The Covid-19 crisis can be analyzed from different points of view, but at this point there is no question that we are one humanity. The virus has traveled all over the world and no one is going to be spared. Despite controversies and debates about the closure of borders to fight against contagion, no one can ignore that we all have been affected by the consequences of this global crisis.

Covid-19 confronts all of us with numerous contradictions and how to solve them will determine the direction of the post-Covid 19 world. We live in one of those times that mark a turning point in the history of humanity. If 9/11 changed the global geopolitical balance and security parameters, there is no doubt that Covid-19 will change the way we behave and relate to each other politically, socially, culturally and economically.

When the crisis is over, we will not go back to the previous situation. The world will be different. If we are able to turn things around, the coronavirus may be the revulsive that we were all waiting for to take that necessary step in the reform of global governance. Before this crisis, there were already voices saying that a third world war was necessary to reach that point, as happened with the establishment of the United Nations after 1945.

“We are at war”, the French President, Mr. Emmanuel Macron, has declared solemnly and insistently. He has been able to convey the gravity and consequences of this crisis. The post-Covid 19 world will be different and we should be ready to change the global governance. If World War I gave us the opportunity to establish the League of Nations, and World War II the United Nations, now we need to redefine international order again.

There are various possible scenarios.

The first is to continue with business as usual. I consider this scenario unfeasible.

The second and most dangerous scenario is a kind of nationalist self-absorption that would reinforce unilateral policies. Closing borders indefinitely, trade protectionism, every man for himself, and reinforcing unsupportive individualism would turn us into virtual objects led by invisible actors trying to guide our lives.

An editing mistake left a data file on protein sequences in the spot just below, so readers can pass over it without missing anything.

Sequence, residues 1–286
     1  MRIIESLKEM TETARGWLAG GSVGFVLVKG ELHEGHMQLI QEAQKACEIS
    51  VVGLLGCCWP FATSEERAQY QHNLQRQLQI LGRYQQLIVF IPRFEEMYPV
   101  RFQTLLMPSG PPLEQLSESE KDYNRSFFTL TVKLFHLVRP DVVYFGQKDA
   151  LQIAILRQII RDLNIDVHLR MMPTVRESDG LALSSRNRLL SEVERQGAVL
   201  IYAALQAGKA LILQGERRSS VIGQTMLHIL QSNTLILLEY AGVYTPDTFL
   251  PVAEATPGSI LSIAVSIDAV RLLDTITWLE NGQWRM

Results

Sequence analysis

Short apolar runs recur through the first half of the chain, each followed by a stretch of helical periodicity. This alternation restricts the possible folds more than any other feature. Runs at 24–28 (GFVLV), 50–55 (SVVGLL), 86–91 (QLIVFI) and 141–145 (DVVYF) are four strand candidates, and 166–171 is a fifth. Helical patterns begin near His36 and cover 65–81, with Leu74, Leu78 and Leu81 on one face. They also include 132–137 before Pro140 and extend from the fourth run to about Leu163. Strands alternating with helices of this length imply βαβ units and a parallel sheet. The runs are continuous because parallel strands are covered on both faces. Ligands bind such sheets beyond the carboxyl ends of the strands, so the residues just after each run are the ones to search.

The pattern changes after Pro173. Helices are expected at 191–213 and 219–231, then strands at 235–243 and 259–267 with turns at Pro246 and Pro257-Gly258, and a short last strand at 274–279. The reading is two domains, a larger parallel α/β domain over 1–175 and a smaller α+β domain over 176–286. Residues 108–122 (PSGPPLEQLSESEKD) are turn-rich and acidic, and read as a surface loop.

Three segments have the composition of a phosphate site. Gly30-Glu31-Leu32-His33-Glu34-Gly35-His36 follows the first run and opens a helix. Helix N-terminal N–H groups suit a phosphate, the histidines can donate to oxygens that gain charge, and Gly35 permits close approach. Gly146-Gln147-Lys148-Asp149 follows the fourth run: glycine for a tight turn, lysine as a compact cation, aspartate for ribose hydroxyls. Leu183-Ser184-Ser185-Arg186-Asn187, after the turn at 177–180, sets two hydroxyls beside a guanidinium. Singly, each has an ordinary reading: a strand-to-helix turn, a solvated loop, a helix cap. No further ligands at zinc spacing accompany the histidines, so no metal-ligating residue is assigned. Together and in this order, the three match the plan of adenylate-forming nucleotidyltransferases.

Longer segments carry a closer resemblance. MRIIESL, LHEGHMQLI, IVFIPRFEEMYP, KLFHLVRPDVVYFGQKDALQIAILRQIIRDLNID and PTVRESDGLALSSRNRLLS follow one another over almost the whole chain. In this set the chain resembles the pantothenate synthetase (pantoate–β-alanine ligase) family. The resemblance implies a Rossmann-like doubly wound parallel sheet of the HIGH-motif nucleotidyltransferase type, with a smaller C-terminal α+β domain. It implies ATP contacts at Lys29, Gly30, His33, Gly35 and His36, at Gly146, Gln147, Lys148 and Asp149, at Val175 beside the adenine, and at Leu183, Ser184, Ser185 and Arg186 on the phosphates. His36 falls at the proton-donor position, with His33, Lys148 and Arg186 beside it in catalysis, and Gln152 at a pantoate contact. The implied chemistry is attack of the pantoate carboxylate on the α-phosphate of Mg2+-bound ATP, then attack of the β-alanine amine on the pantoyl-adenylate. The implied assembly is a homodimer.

The third scenario – and the most desirable one – is to have the United Nations leading a change in which the main traditional drivers of humanity can be reinforced. As the Israeli historian Yuvai Noah Harari has well described in his book “Sapiens”, the combination of political, economic, cultural, religious issues with the advances of science and technology, must be the pillars of this new phase of humanity.

Politically, it is clear that the United Nations Security Council should incorporate in its agenda all issues pertaining to threats to international peace and security, including pandemics such as Covid-19.

In the economic and financial field, proposals contained in the Philadelphia Declaration and Bretton Woods should be revisited to design a new framework more in line with the challenges of our days. No one criticizes closing the borders at this point in time to create a firewall against the spread of the virus. However, financial borders have to be opened to put an end to inequalities between continents- how we will react if Africa succumbs to massive Covid-19 infections- nations and individuals. We should open the borders of understanding and cooperation, decide together and act together.

Cultural and religious issues should not be forgotten. The resurgence of hate speech and exclusion are carcinogenic processes that destroy the basis of social cohesion. If we want societies to be inclusive, an alliance between cultures and civilizations must be forged to consolidate that one humanity.

Last but not least, scientific and technological changes can lead us to an irresponsible world where evil forces would take us to towards the abysm. Recently, the Spanish-American biologist Rafael Yuste started a campaign to regulate the so-called ‘neuro-rights’ to stop the consequences of potential future interventions to access our neurons without any control. All these efforts deserve our full support.

We are in a war. Yes, it is a war. However, to put an end to this war with an armistice and a declaration to maintain the status quo will not be enough. There is every indication that we should mobilize ourselves to create a better world with the lessons learned from this crisis. Solidarity, compassion, fraternity, social justice, must be the principles that our leaders must deem essential to build one humanity.